Less-is-more Gardening for the Birds

By Lauren Lewis

When it comes to active garden maintenance, the Small Spot crew almost always argues that less is more. We don’t say less is more out of laziness, but rather out of our understanding of the garden practices that can create beauty and sanctuary while simultaneously allowing wild ecological relationships to thrive. The goal of supporting bird life in the garden provides a wonderful example of our favored approach: thoughtful ecological planning followed by less-is-more maintenance.

 

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House finch pair in the Presidio, photo by Will Elder, nps.gov

Despite the density of San Francisco, our city is habitat for a huge variation of bird life. Besides supporting all the common garden birds that live here year-round (house finch, red-breasted nuthatch, black phoebe, cassin’s vireo, to name just a few), San Francisco is a key link in the Pacific Flyway, the biannual north-south migratory path of hundreds of bird species. Backyard gardens in San Francisco collectively cover more land than all our city’s wild spaces, so the way we choose to use them has a real impact on all those migrant and resident birds.

Designing your garden to include at least one “wild” section is key for providing landing spots where bird feel safe. Wild habitat has tangles of vegetation and bits of overlapping rocks and fallen branches, which can be tempting to remove or clean up when they occur in the garden. But this would not qualify as less-is-more. Retaining some of those elements (i.e. ignoring them) makes a more inviting space for birds.

A water source that gets refreshed is also important, but it doesn’t have to be a real bird bath; a bucket with a drip emitter inside that constantly refreshes the water can serve the same purpose. And of course a variety of plants that produce nectar, seeds, and fruit will mean your garden can host birds with different feeding patterns. The less-is-more lesson here is: let plants go to seed. If you manage them a lot you’ll end up with less garden-grown bird food and therefore fewer birds.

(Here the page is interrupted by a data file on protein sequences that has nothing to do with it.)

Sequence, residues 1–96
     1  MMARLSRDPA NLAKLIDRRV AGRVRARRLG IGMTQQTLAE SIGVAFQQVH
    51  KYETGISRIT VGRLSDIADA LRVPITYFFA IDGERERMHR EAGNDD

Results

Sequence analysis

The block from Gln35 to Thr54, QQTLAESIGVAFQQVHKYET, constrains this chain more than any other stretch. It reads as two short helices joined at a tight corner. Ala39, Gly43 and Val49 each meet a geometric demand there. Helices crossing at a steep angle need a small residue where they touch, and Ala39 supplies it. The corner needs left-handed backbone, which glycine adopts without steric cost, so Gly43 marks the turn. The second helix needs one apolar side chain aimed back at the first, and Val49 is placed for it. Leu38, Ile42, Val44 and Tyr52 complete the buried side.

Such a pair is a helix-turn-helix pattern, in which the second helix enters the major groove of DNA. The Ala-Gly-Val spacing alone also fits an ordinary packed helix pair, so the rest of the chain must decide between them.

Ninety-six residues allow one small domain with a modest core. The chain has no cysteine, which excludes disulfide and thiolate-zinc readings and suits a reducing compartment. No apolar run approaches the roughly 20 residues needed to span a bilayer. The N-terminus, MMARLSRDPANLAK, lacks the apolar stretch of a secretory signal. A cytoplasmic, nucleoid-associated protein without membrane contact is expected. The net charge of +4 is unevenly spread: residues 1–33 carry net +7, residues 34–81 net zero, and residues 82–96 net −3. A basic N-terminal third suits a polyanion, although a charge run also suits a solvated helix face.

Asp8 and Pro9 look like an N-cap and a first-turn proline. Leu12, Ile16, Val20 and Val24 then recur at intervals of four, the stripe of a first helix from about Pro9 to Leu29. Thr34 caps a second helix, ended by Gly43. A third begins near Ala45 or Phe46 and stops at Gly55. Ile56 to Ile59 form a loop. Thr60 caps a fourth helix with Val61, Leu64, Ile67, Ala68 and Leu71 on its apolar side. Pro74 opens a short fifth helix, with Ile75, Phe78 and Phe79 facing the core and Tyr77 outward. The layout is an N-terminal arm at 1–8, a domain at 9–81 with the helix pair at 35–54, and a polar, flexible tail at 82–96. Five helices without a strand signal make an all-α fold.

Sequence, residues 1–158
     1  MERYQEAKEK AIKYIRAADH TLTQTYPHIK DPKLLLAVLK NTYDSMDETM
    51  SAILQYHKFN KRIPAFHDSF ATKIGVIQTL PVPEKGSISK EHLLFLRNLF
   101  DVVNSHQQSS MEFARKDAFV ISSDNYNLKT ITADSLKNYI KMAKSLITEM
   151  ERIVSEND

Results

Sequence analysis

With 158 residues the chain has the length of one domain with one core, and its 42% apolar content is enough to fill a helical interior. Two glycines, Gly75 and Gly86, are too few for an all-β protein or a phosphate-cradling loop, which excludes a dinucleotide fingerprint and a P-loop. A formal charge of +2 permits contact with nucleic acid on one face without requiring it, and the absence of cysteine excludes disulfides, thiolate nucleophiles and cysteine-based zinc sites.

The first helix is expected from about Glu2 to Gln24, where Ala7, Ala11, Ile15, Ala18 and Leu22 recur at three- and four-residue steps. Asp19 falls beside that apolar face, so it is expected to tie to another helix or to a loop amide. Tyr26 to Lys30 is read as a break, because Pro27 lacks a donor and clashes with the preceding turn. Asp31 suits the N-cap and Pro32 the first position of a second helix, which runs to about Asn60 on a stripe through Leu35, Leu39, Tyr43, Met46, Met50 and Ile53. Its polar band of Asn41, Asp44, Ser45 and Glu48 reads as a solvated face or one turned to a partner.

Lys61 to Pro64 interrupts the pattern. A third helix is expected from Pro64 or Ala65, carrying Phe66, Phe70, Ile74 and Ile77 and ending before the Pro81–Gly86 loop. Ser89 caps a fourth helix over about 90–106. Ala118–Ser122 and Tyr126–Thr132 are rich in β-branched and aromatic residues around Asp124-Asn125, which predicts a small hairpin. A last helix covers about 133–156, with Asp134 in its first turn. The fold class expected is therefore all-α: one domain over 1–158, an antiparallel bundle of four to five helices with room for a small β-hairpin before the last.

Now if you’re like me, then the idea of garden management for birds becomes more intriguing when you can focus your efforts on one species or a handful of species. If that’s the case, check out the SF Planning Department’s Green Connections Plan. Created in collaboration with Nature in the City (of the Green Hairstreak Project that I mentioned in a previous post), the Green Connections Plan is billed by the Planning Department as a strategy to make traveling through SF by foot or bike more pleasant and viable by creating routes that deliberately connect parks and open spaces. The added benefit is that these routes can be used by non-human species too. In fact each of the planned 24 routes crisscrossing the city is named for the species it’s meant to support, and many are birds.

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Cedar Waxwing in John McLaren Park, photo via inaturalist.org

One example is the sleek Cedar Waxwing, whose designated route is Page Street, from Market to Golden Gate Park (it doesn’t mean this species only lives along that route, but rather it was chosen as a representative of this Green Connection route, which is within its normal habitat). This bird is unusual in its largely fruit-based diet, which means there’s a manageable handful of garden plants you could plant to help support it, for example toyon and elderberry. The new SF Plant Finder, a part of the Green Connection Plan, is a fantastic gardeners’ resource that lets you explore and choose plant species with something like the Cedar Waxwing in mind. What I like about Green Connections is that it can help you choose a species to support and the plants needed to do that, and then if you practice some less-is-more maintenance, your garden can play an important role in the lives of our city birds.

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